Virginia Thomas, the wife of Supreme Court Associate Justice Clarence Thomas who emerged as a tea party figurehead in the past year, has taken her conservative activism to another phase. The self-titled “ambassador to the Tea Party movement” recently launched a political consulting business that, according to the company’s website, libertyinc.co, will assist and advocate on behalf of “liberty-loving citizens” and entities that seek to advance conservative ideals such as limited government and free enterprise.

But given her husband’s seat in the nation’s highest court, political observers and government watchdogs said, the move raises ethical questions—similar to concerns that arose when Thomas was president and CEO of Liberty Central, a conservative website that she founded in May 2010.

“It seems as though she will be working with issues involving legislation that may come before the Supreme Court and working with people involved in political efforts whose organizations may come before the Supreme Court—and that’s a problem,” said Stephen Wermiel, a constitutional law professor and Supreme Court expert at American University.

“ has to act in the most ethical way and that includes the longtime standard of avoiding the appearance of a conflict of interest. And that means that they ought to be working in different aspects of the universe,” Wermiel continued. “She wants to promote democracy and liberty, let her go be a school teacher and teach about democracy or liberty or find something that isn’t directly in her husband’s path.”

The academician, who reported on the court for the Wall Street Journal from 1979 until 1991, said to maintain the high court’s integrity, Justice Thomas would have to recuse himself from cases for which his wife has lobbied. But given that Liberty Consulting also purports to offer political advice, Mrs. Thomas’ involvement in a case may not always be clear, which could put Justice Thomas in a “difficult” position.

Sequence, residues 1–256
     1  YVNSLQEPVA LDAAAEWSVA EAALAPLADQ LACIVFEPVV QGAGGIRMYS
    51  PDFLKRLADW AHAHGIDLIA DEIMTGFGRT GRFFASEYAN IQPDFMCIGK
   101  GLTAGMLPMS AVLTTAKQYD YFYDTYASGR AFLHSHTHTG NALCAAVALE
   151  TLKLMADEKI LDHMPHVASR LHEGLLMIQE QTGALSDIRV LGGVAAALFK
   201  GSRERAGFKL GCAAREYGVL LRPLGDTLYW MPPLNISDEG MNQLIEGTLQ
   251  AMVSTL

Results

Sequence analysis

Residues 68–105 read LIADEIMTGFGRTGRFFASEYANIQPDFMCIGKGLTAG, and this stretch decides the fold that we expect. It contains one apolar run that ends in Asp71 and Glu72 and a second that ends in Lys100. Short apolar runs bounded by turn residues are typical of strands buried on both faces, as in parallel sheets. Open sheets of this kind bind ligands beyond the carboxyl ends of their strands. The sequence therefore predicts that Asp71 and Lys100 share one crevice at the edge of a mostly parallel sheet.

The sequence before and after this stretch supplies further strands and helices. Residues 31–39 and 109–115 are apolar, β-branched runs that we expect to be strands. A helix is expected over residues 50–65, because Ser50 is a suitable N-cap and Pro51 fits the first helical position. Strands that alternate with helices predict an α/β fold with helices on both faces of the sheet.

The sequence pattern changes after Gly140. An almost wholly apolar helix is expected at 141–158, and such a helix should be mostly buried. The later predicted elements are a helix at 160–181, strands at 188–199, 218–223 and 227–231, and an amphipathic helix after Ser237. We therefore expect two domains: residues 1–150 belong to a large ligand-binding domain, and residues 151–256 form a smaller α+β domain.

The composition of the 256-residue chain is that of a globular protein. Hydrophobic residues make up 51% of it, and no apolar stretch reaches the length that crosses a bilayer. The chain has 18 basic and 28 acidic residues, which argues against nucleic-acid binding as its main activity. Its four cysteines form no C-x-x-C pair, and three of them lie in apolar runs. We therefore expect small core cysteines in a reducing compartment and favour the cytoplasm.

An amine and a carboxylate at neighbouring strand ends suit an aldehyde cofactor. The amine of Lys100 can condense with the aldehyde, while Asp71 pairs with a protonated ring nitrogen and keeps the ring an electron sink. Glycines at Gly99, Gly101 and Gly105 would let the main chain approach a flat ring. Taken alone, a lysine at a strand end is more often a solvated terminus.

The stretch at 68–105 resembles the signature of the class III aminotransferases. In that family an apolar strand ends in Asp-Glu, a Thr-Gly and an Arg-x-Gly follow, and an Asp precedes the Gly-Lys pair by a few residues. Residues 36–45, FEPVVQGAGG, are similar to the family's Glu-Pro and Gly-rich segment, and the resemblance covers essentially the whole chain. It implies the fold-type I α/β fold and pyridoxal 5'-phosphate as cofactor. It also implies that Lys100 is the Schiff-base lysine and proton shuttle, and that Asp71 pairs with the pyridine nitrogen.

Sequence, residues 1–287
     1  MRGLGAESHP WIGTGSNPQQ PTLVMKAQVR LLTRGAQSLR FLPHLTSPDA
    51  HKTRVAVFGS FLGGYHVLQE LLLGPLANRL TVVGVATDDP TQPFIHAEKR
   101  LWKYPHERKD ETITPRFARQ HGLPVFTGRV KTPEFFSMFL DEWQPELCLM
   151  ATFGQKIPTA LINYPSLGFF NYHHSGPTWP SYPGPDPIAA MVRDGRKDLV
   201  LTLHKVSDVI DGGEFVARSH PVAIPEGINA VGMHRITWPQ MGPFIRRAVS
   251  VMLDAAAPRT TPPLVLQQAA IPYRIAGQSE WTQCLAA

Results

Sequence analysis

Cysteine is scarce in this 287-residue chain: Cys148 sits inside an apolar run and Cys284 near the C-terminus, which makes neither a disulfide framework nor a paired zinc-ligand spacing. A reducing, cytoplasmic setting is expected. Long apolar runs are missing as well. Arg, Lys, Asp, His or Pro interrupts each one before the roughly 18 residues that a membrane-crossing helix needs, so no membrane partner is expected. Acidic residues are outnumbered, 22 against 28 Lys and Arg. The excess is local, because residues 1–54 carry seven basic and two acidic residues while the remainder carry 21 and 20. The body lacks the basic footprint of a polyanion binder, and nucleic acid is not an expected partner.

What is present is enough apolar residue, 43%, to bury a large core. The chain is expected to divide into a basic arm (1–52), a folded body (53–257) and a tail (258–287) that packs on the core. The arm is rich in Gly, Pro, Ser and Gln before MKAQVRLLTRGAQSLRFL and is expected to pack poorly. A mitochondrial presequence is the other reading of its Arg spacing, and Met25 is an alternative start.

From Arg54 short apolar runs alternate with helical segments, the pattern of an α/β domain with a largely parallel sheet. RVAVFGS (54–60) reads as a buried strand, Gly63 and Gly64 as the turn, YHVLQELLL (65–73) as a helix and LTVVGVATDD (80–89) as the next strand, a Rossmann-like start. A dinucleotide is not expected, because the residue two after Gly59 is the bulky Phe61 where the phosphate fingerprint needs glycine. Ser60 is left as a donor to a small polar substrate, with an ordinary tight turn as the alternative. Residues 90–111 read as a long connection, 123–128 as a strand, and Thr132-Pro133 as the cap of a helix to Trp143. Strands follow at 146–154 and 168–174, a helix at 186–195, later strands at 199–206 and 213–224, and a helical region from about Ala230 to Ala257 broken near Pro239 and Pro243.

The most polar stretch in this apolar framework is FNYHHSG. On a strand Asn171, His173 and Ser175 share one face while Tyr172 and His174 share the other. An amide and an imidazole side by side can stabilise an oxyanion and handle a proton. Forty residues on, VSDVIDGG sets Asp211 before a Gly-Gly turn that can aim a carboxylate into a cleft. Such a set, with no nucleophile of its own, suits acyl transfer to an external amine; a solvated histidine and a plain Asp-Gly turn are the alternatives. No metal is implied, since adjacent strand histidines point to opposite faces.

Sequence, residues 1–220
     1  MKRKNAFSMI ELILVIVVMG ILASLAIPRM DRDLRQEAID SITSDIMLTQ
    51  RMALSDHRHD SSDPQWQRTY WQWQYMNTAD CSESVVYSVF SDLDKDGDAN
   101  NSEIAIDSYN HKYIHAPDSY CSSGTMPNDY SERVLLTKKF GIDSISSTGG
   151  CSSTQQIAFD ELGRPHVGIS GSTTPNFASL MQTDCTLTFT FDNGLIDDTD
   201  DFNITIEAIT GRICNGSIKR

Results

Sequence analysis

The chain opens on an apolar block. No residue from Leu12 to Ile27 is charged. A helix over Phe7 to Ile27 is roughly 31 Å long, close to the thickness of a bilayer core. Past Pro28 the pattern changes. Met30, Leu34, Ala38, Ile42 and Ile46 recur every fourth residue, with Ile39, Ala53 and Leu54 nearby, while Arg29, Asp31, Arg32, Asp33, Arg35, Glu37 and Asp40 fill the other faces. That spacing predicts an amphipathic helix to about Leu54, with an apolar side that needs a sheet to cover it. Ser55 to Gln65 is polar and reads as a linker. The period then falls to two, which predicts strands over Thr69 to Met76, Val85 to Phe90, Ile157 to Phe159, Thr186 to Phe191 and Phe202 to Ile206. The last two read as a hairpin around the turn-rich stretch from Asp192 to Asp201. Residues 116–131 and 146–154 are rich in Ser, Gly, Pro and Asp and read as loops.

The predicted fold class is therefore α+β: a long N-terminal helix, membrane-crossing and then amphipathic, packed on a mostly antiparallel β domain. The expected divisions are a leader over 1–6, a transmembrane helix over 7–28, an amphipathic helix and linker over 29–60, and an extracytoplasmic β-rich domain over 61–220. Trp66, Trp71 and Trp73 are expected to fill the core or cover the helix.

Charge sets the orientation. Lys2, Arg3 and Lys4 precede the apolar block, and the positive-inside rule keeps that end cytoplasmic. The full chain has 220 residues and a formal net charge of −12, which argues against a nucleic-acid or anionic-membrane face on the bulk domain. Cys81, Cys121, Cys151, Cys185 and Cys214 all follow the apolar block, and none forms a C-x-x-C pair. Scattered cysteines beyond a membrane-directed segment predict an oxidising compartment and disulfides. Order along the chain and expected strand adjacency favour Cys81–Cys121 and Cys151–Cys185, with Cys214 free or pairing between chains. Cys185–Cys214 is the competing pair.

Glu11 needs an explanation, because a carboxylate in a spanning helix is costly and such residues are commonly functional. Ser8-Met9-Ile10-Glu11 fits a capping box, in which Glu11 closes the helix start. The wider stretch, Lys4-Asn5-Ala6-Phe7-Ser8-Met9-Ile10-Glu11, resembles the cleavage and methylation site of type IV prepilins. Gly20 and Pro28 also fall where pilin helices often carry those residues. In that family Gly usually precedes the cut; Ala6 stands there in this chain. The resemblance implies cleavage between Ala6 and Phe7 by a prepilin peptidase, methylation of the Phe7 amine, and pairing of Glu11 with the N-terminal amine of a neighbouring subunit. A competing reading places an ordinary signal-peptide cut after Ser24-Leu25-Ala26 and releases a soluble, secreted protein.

“But, he’s also not particularly sensitive to this problem,” Wermiel said, “so I don’t think he’ll find it to be a difficult position.”

That seeming insensitivity—evidenced in conservative Justice Antonin Scalia’s recent closed-door presentation before the Tea Party Caucus—points to a creeping politicization of the Supreme Court, said Common Cause, a liberal government watchdog group.

“It is troubling that some members of the court—and I’m speaking about Scalia and Thomas at this point—don’t seem to have the concern about appearance and bias that is at the core of judicial code of ethics…. It seems they just don’t care,” Common Cause Vice President for Programs Arn Pearson told the AFRO. He added, “It raises a number of red flags about the ability of the justices to be neutral or just as importantly to appear to be neutral and unbiased when cases come before the court in which there is strong division between the tea party and the administration” such as health care reform, climate change and campaign finance.

In response to the ethical concerns raised by Mrs. Thomas’ new lobbying shop and other recent events, Pearson said Common Cause plans to send a proposal to Congress asking that it expand the conflict of interest statutes in the judicial code of conduct to include political activities.

Zenitha Prince

Special to the AFRO